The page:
Arquitectura de InnoDB

Buffer Pool

The buffer pool is an area in main memory where InnoDB caches table and index data as data is accessed. The buffer pool allows frequently used data to be processed directly from memory, which speeds up processing. On dedicated database servers, up to 80% of physical memory is often assigned to the InnoDB buffer pool.
For efficiency of high-volume read operations, the buffer pool is divided into pages that can potentially hold multiple rows. For efficiency of cache management, the buffer pool is implemented as a linked list of pages; data that is rarely used is aged out of the cache, using a variation of the LRU algorithm.

Change Buffer
The change buffer is a special data structure that caches changes to secondary index pages when affected pages are not in the buffer pool. The buffered changes, which may result from INSERTUPDATE, or DELETE operations (DML), are merged later when the pages are loaded into the buffer pool by other read operations.

Redo Log Buffer

The redo log buffer is the memory area that holds data to be written to the redo log. Redo log buffer size is defined by the innodb_log_buffer_size configuration option. The redo log buffer is periodically flushed to the log file on disk. A large redo log buffer enables large transactions to run without the need to write redo log to disk before the transactions commit. Thus, if you have transactions that update, insert, or delete many rows, making the log buffer larger saves disk I/O.
The innodb_flush_log_at_trx_commit option controls how the contents of the redo log buffer are written to the log file. The innodb_flush_log_at_timeout option controls redo log flushing frequency.

System Tablespace

The InnoDB system tablespace contains the InnoDB data dictionary (metadata for InnoDB-related objects) and is the storage area for the doublewrite buffer, the change buffer, and undo logs. The system tablespace also contains table and index data for any user-created tables that are created in the system tablespace. The system tablespace is considered a shared tablespace since it is shared by multiple tables.
The system tablespace is represented by one or more data files. By default, one system data file, namedibdata1, is created in the MySQL data directory. The size and number of system data files is controlled by theinnodb_data_file_path startup option.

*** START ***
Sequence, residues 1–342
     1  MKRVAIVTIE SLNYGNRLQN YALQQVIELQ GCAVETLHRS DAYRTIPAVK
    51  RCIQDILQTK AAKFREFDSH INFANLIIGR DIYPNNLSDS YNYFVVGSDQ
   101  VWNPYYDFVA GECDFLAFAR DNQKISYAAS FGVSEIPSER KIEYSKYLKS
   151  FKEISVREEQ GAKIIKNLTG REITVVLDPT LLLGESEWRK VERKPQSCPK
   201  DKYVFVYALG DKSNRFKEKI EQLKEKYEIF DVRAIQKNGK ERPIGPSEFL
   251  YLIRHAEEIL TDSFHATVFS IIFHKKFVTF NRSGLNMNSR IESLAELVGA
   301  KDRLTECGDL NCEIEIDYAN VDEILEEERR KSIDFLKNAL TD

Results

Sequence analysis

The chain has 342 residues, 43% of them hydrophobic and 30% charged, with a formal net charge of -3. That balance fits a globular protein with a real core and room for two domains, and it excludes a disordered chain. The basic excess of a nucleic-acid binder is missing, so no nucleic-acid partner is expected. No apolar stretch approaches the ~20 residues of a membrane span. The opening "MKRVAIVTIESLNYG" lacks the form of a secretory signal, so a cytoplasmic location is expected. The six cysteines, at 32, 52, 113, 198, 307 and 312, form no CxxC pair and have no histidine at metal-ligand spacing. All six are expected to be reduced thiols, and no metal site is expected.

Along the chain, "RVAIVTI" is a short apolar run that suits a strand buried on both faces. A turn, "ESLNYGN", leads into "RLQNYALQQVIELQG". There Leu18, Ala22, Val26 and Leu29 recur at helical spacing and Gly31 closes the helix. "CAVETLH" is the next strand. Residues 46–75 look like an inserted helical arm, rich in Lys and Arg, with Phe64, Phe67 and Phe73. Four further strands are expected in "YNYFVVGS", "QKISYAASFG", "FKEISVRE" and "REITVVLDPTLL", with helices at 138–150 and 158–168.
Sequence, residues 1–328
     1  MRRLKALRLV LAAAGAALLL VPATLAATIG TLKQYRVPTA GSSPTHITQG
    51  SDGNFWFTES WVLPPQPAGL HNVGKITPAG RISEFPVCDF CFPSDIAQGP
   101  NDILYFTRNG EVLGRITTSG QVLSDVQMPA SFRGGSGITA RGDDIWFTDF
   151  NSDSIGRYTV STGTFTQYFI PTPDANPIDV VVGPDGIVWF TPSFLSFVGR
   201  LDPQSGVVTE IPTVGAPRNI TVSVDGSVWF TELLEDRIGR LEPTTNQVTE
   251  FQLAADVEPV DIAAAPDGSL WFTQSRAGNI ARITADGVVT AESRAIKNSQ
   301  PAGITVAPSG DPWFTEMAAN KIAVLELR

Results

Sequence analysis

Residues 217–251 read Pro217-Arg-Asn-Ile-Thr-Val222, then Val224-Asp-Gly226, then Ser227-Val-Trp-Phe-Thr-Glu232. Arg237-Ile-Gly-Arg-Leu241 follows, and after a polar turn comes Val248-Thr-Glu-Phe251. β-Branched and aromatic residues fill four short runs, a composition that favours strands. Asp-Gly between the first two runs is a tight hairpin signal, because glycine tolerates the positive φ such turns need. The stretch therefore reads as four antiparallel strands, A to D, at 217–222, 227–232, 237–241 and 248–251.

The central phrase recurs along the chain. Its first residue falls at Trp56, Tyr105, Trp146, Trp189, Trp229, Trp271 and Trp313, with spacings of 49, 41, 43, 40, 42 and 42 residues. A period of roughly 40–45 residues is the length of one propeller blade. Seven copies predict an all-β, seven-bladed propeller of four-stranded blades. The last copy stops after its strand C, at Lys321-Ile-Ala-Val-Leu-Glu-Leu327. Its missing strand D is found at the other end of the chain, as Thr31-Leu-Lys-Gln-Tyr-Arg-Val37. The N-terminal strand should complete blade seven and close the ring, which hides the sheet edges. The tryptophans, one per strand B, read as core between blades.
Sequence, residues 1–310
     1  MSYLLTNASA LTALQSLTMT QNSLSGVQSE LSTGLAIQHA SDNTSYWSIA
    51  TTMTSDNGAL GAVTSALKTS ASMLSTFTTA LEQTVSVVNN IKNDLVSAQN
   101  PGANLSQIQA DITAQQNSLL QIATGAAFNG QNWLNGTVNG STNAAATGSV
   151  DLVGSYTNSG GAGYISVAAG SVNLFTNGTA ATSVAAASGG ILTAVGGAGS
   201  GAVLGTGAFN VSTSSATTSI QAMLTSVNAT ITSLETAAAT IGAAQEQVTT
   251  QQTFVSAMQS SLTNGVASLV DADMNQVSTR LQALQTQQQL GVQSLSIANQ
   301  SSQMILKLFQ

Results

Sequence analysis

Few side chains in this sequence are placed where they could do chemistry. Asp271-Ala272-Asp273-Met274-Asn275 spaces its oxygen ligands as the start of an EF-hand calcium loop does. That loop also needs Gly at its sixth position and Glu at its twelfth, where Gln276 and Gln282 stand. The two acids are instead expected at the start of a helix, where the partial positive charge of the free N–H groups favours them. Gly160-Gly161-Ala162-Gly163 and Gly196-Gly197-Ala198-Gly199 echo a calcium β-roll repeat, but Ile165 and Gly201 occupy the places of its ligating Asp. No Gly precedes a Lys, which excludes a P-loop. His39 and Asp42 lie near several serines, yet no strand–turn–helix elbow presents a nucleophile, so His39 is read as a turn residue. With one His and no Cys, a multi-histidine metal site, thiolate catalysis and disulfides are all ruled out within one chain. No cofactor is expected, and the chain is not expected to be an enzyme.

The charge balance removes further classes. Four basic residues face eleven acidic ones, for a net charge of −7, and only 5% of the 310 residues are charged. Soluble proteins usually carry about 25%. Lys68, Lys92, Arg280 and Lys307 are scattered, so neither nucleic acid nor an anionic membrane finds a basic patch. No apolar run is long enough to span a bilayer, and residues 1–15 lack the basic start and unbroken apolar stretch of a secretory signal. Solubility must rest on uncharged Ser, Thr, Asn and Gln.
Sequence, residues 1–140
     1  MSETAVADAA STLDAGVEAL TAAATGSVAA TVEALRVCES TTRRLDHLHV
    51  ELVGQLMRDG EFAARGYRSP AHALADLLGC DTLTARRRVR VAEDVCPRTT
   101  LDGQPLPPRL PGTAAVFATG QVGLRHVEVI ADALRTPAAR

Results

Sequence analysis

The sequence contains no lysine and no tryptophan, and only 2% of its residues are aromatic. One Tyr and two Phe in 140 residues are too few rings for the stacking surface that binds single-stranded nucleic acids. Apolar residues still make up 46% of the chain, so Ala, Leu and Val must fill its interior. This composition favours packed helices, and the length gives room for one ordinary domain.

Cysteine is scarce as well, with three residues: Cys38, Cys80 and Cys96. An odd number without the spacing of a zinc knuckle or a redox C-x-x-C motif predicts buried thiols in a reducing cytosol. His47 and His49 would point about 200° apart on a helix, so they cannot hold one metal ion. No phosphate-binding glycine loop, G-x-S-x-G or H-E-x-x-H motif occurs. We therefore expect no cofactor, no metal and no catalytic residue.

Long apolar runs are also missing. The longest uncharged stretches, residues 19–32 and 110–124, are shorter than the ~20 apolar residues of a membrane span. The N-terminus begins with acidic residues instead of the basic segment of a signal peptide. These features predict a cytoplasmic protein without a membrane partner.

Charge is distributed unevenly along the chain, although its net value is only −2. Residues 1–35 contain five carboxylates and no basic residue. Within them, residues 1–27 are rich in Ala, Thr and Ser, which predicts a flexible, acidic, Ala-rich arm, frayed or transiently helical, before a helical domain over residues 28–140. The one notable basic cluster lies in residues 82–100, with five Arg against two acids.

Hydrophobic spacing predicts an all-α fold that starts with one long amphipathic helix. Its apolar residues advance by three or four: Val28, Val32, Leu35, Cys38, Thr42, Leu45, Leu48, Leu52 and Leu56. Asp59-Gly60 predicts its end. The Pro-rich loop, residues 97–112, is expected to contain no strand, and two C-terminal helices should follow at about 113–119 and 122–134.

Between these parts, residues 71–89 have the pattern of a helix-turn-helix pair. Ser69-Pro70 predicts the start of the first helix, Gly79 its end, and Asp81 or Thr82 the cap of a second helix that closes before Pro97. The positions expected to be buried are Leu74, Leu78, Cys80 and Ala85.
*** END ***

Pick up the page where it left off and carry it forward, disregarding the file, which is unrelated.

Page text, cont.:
InnoDB Data Dictionary

The InnoDB data dictionary is comprised of internal system tables that contain metadata used to keep track of objects such as tables, indexes, and table columns. The metadata is physically located in the InnoDB system tablespace. For historical reasons, data dictionary metadata overlaps to some degree with information stored inInnoDB table metadata files (.frm files).

doublewrite Buffer

The doublewrite buffer is a storage area located in the system tablespace where InnoDB writes pages that are flushed from the InnoDB buffer pool, before the pages are written to their proper positions in the data file. Only after flushing and writing pages to the doublewrite buffer, does InnoDB write pages to their proper positions. If there is an operating system, storage subsystem, or mysqld process crash in the middle of a page write, InnoDBcan later find a good copy of the page from the doublewrite buffer during crash recovery.
Although data is always written twice, the doublewrite buffer does not require twice as much I/O overhead or twice as many I/O operations. Data is written to the doublewrite buffer itself as a large sequential chunk, with a singlefsync() call to the operating system.
The doublewrite buffer is enabled by default in most cases. To disable the doublewrite buffer, setinnodb_doublewrite to 0.
If system tablespace files (ibdata files”) are located on Fusion-io devices that support atomic writes, doublewrite buffering is automatically disabled and Fusion-io atomic writes are used for all data files. Because the doublewrite buffer setting is global, doublewrite buffering is also disabled for data files residing on non-Fusion-io hardware. This feature is only supported on Fusion-io hardware and is only enabled for Fusion-io NVMFS on Linux. To take full advantage of this feature, an innodb_flush_method setting of O_DIRECT is recommended.

Undo Logs

An undo log is a collection of undo log records associated with a single transaction. An undo log record contains information about how to undo the latest change by a transaction to a clustered index record. If another transaction needs to see the original data (as part of a consistent read operation), the unmodified data is retrieved from the undo log records. Undo logs exist within undo log segments, which are contained within rollback segments. By default, rollback segments are physically part of the system tablespace. However, rollback segments can reside in separate undo tablespaces. For more information, see Section 15.7.7, “Storing InnoDB Undo Logs in Separate Tablespaces”. For information about multi-versioning, see Section 15.3, “InnoDB Multi-Versioning”.
InnoDB supports 128 rollback segments, 32 of which are reserved as non-redo rollback segments for temporary table transactions. Each transaction that updates a temporary table (excluding read-only transactions) is assigned two rollback segments, one redo-enabled rollback segment and one non-redo rollback segment. Read-only transactions are only assigned non-redo rollback segments, as read-only transactions are only permitted to modify temporary tables.